Shore Acres Hotel & Roadhouse
opening in 1925 on the site of the Rankin home
Acres Follow-Up from Issue 18, October 2001
Above is a photo of the Shore Acres Hotel, built on the site of
the Rankin home that once stood on University Avenue facing the
Detroit River. In October, Andrew Foot sent in a postcard of a home
also called Shore Acres with Windsor, Ontario printed on the front.
Dave Newman thought it was the Shore Acres pictured below. I know
that this is not so because I was a patron of the hotel for many
The Rankin home was demolished in 1925 following a fire set by vandals
and was vacant for many years. The hotel was opened in August 1925,
with a dining room able to seat 400, overflow space on the verandah
and a large ballroom where a five-piece orchestra played. It had
modern sleeping accommodations, shady porches and beautiful lawns
with a splendid riverfront view as well as ample parking. They specialized
in roadhouse dinners, fish, frog, chicken, and steak. Province-wide
serving of 4.4% beer and ale was approved in May 1925 by the Ontario
The beer on opening day was supplied by Kuntz Brewery of Waterloo,
Ontario, serving Ye Olde Inn Ale and Olde Dutch
Lager. I spent many an enjoyable evening on the verandah of
the Shore Acres Hotel with my friends, drinking beer in 10 oz. glasses
at ten cents each. It was operated by Mr. and Mrs. Herman Sutton,
her two sons and their wives from 1937 until the early 1950s. The
hotel was torn down in 1954 to make way for the Rotary Club Swimming
The Rankin House was built in 1842 for W.R. Wood. It was sold to
Col. Rankin and occupied by him and his family until his death in
1893. It was then purchased by his daughter, Phyllis McKee Rankin,
wife of Frank Davenport, a famous American actor. She had the home
renovated with the intention of occupying it, but unfortunately
never did. It was sold to Robert Segal, a Detroit department store
owner, who held it until it was sold to make way for the hotel.
I too have the identical postcard owned by Andrew Foot . My card
was post-marked Athens, Ont., June 1912. So the mystery of the card
is still unsolved. Perhaps there is a Shore Acres in the village
Bill Marentette, Windsor
I have two ORIGINAL pictures of dogs playing poker that I am trying
to research. One is entitled Waterloo and the other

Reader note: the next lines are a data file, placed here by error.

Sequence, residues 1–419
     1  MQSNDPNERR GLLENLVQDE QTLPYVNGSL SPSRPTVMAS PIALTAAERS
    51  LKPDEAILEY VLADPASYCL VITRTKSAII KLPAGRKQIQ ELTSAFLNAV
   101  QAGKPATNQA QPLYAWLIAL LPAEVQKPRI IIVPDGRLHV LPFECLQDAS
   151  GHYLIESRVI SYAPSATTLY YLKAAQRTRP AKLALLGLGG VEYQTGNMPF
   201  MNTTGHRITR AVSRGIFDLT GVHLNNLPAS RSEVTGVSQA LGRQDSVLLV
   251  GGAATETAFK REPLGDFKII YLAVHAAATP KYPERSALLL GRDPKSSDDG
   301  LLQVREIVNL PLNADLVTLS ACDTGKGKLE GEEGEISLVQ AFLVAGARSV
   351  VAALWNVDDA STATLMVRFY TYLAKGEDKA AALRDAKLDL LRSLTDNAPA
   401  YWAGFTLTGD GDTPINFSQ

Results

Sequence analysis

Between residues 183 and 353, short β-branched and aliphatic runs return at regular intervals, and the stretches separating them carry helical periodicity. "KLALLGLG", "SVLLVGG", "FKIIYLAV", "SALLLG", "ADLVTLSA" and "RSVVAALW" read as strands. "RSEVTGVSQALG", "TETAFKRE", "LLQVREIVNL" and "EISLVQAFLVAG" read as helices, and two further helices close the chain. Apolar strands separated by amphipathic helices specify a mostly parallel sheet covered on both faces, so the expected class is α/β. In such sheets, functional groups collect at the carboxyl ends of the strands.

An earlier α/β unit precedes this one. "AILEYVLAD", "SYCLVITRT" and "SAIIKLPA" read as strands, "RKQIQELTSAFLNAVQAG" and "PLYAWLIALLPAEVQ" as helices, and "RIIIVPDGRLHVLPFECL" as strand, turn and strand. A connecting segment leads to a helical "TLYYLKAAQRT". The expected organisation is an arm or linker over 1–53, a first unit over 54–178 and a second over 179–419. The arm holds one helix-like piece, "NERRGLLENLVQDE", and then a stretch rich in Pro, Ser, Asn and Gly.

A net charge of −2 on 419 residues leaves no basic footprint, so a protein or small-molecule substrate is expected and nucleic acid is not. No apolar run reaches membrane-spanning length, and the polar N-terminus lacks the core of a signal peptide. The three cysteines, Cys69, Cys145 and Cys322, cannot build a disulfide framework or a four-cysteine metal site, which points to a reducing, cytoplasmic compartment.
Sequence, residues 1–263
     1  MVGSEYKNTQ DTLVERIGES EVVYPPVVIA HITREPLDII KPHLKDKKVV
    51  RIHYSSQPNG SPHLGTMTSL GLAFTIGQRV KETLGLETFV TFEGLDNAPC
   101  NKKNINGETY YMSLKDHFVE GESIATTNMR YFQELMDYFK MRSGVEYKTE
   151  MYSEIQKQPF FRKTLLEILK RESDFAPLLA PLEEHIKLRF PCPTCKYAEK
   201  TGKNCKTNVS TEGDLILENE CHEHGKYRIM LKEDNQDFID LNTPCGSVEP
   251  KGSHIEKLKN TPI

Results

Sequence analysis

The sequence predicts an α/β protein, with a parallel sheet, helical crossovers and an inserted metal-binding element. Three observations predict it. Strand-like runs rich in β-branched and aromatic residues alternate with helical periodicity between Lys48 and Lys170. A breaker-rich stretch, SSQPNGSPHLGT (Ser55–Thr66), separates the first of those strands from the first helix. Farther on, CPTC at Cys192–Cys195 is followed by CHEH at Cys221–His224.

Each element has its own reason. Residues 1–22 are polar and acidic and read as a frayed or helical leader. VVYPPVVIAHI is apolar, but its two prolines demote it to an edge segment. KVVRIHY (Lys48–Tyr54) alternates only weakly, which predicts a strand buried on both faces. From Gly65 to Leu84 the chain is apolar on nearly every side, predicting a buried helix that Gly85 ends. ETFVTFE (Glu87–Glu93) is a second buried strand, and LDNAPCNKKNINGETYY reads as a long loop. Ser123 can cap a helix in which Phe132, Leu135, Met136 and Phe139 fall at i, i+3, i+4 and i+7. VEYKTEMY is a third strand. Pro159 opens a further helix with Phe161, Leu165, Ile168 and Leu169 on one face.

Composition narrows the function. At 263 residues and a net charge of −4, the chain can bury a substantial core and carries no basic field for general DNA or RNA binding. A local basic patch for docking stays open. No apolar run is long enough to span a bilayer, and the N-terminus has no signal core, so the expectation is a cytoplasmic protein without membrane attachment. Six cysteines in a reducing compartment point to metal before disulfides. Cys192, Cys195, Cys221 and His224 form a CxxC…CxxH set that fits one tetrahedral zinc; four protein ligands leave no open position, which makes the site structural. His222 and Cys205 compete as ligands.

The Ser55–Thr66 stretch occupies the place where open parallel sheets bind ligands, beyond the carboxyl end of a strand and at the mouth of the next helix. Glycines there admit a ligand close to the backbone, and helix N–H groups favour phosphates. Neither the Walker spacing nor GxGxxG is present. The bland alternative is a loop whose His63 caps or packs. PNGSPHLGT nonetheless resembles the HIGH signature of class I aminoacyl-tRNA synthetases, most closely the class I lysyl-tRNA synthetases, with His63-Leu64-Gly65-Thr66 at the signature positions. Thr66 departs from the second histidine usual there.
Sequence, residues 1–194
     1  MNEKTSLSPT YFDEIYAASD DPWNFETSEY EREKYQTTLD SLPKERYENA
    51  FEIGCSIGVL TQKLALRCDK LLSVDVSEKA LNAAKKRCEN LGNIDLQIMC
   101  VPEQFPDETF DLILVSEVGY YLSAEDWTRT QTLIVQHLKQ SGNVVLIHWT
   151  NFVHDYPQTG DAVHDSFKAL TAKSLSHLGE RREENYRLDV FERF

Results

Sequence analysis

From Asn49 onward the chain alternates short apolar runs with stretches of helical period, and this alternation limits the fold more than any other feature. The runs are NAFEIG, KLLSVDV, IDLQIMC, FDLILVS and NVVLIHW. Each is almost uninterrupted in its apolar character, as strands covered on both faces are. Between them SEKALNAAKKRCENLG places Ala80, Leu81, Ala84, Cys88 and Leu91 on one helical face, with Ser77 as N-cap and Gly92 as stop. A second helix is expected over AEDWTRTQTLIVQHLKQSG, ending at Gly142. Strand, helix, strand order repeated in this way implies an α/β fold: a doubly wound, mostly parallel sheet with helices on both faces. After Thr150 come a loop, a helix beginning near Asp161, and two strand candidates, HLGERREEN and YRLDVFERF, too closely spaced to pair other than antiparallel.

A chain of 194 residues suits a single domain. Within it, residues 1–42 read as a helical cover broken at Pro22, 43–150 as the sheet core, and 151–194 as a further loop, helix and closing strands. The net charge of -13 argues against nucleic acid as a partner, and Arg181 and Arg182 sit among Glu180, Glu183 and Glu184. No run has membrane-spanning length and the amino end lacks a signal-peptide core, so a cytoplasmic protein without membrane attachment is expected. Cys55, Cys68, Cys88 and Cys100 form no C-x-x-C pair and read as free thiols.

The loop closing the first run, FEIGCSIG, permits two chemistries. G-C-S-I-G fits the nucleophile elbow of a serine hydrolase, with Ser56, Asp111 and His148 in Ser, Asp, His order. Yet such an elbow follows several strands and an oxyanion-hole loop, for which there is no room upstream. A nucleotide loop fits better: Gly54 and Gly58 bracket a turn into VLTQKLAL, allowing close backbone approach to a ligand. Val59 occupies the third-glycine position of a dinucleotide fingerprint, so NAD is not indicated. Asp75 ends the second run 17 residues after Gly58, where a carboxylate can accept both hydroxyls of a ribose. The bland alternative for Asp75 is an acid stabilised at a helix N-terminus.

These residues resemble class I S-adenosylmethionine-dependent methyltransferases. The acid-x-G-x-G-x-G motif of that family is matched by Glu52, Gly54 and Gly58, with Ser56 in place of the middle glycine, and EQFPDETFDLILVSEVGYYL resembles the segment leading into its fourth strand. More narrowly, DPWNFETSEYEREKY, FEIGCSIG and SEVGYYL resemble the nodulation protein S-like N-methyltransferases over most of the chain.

is A Bold Bluff. The Walkerville Brewing Company is
written on the side of the poker tables. Were these pictures used
for advertising purposes? If so, could you please provide me with
some information as to their history?
Judy Abel, (from an e.mail)
advertising prints were widely used by the food, beer and tobacco
industry in the mid-twenties and early thirties both in the United
States and Canada. They originated in the United States. In Ontario
the following breweries used the pictures, usually in a set of four:
Brewing Co. (Huron County), near Seaforth, Ontario
Heather Brewing Co., Kitchener, Ontario
Blue Top Brewing Co., Kitchener, Ontario
Walkerville Brewing Co., Walkerville, Ontario
the above ceased to operate years ago.
You can still buy the prints without advertising on them today.
Bill Marentette, Windsor
National Association Brewerianna Advertising Assoc.
When I was a little girl, Arthur Kemp, the head gardener for Willistead
Manor lived in the gate house (then known as the Lodge) next to
the road entrance to the park. One of Mr. Kemps duties was
banking the fires in the greenhouse, which used to stand just south
of the Coach House.
Before the Kemps moved into the Lodge, which was partial compensation
for his gardening duties, they lived on Lincoln between Wyandotte
and Riverside. They were from Hastings, England, and knew my parents
as they also hailed from there.
Just before my mom married my dad, she stayed with them in their
Lincoln home. Years later, I stayed with the Kemps in the Lodge
while my mother returned to England for several months.
Your cover painting from Dec./Jan. brings me back to my time with
the Kemps. The brick sidewalk and the passageway through the
wrought-iron fence next to the main entrance disappeared when the
entrance was widened to allow for two cars to pass through at once.
Before that was done, there were a lot of fender-benders there.
Norah Biggar, Windsor
Live King the Horse
Everybody knew King, the horse that pulled the Purity Dairy wagon.
He was the best-fed horse around. One winter day in 1952, I was
on my way to school (Begley) and while walking along Wyandotte Street,
I saw that King had slipped on the ice and fallen. I joined a group
of people standing around him and I heard that he would have to
In school a little while later, while we were singing God
Save the King, we heard two pops and we knew that King was
gone. At lunch, there was nothing left of King but a bloodstain
on the road where he had fallen.
Ill never forget that day.
Vicki (Affleck) Moffat, Windsor
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